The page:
From the day late and a dollar short department...
Major League Baseball and the MLB Players Association have agreed to put an end to contracts with milestone clauses and personal services clauses, according to ESPN.
The reason why? Because such deals violate the collective bargaining agreement between the two. Milestone clauses are basically performance-based incentives which are strictly forbidden. I don't understand how anyone ever thought it was out of bounds to pay a bonus for hitting 50 homers a season... But it's okay to pay a player for hitting the 500th homer of his career?
And personal services contracts don't make sense as far as players contracts go because, by defintion, once you are eligible to receive them you are no longer a player.
Technically, Albert Pujols' Anaheim contract is in violation of terms of the collective bargaining agreement.
The Angels borrowed liberally from these rule bending playbooks to offer a contract to Pujols that looked, on first blush, like it blew the Cardinals' offer out of the water. But, once you got through the fluff, Pujols was only guaranteed $240 million of the $254 million he as reported to get. That's only 9 percent more than the best St. Louis offer when he abruptly broke off negotiations.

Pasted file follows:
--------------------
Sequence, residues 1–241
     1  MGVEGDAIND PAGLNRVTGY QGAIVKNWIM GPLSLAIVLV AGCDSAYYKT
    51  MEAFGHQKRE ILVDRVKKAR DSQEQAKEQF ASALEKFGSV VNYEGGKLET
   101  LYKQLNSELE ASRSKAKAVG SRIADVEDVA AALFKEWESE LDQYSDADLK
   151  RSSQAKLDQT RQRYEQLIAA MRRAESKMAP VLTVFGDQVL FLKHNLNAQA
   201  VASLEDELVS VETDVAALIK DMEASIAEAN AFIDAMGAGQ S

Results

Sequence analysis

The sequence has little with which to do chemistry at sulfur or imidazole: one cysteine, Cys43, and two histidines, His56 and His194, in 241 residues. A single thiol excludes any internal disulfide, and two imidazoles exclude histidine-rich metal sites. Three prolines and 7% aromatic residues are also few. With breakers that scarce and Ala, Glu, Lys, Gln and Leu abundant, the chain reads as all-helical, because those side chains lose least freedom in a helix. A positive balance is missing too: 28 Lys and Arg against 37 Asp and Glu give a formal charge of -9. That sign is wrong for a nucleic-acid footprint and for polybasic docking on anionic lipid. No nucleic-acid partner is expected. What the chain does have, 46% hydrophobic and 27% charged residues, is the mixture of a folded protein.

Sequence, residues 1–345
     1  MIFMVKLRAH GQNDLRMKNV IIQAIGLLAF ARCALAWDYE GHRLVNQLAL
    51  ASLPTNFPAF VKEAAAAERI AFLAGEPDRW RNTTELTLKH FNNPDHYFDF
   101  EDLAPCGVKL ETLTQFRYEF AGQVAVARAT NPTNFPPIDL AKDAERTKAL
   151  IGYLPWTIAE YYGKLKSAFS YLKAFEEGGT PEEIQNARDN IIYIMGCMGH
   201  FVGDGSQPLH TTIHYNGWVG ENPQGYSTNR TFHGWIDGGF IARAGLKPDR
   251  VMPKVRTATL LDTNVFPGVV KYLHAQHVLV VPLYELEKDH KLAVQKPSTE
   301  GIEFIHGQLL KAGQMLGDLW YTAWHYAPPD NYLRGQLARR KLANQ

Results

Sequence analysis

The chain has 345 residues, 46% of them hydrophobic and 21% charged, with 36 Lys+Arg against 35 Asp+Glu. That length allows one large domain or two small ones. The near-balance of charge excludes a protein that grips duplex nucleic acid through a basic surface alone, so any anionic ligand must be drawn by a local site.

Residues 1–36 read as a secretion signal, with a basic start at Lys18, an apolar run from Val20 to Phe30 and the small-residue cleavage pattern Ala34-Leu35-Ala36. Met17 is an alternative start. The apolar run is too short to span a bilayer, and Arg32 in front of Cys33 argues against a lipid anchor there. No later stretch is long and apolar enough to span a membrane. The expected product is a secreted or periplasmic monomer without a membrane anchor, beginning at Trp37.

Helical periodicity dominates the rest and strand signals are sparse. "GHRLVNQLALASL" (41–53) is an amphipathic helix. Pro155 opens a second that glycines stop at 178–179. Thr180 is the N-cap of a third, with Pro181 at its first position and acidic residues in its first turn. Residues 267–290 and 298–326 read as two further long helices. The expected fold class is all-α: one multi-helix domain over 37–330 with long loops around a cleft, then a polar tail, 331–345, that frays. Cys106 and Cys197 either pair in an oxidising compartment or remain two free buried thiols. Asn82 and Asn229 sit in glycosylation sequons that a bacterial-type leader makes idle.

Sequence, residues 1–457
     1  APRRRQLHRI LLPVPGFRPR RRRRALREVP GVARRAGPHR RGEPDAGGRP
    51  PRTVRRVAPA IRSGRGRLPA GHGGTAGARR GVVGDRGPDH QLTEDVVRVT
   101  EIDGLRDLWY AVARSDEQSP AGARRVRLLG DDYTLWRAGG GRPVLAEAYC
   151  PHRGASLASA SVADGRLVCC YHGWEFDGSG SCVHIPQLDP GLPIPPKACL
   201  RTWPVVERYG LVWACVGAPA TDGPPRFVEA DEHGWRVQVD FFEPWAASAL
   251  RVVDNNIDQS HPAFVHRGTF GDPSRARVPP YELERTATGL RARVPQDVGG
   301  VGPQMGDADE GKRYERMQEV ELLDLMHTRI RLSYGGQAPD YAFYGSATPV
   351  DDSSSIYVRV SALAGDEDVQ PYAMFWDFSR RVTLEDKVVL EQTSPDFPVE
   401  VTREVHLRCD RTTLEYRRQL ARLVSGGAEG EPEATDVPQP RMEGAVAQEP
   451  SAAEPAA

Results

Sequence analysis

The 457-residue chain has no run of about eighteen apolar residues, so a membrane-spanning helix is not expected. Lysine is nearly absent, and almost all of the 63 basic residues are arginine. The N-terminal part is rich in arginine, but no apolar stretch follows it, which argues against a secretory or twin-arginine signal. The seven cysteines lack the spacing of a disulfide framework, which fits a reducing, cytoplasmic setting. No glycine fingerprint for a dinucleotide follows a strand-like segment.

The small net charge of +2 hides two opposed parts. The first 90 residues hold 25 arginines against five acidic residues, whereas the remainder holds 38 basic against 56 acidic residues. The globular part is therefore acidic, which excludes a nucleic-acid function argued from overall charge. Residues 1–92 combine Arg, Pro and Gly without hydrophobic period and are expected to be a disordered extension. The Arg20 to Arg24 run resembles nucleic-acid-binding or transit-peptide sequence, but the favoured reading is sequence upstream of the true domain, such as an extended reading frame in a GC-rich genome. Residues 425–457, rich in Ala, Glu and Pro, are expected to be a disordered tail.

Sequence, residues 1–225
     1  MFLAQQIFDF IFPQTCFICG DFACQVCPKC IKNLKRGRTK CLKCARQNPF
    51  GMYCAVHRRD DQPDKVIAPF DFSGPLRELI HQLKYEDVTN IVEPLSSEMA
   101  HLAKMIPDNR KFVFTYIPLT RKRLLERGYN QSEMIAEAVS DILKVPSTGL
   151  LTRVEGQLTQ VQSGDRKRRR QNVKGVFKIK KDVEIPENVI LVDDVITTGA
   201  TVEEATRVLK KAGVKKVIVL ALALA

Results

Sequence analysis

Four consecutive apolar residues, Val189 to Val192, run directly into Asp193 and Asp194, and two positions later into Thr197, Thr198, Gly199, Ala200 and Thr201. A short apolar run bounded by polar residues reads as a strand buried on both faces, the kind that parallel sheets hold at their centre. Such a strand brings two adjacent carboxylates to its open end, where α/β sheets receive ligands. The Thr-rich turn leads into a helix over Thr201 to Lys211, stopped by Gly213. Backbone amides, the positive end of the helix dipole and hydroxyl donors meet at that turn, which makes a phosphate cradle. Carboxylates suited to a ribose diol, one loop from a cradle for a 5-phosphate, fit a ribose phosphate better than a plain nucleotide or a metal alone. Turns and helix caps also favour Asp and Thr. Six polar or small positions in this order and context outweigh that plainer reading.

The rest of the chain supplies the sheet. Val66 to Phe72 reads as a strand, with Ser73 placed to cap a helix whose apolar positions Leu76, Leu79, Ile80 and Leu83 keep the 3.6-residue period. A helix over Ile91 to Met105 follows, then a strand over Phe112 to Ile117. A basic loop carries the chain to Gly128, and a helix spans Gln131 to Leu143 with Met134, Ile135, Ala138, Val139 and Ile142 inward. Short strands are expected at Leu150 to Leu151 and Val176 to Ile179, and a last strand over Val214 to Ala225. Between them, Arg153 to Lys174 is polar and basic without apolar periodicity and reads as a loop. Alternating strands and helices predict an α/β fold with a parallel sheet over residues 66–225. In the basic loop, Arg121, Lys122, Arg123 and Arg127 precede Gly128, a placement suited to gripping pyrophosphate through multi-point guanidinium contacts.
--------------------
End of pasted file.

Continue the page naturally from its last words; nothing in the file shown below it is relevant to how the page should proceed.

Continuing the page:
Albert's Anaheim deal includes $10 million for milestone bonuses including $7 million for hitting 763 career home runs and $3 million for reaching 3,000 career hits. He can also make an additional $875,000 a year in incentives for winning Gold Gloves, Silver Sluggers, All-Star selections and MVP awards. It includes a 10-year, $10-million personal services contract.
Alex Rodriguez of the Yankees has similar terms in his contract which should not have been allowed including incentives for climbing the career home run ladder.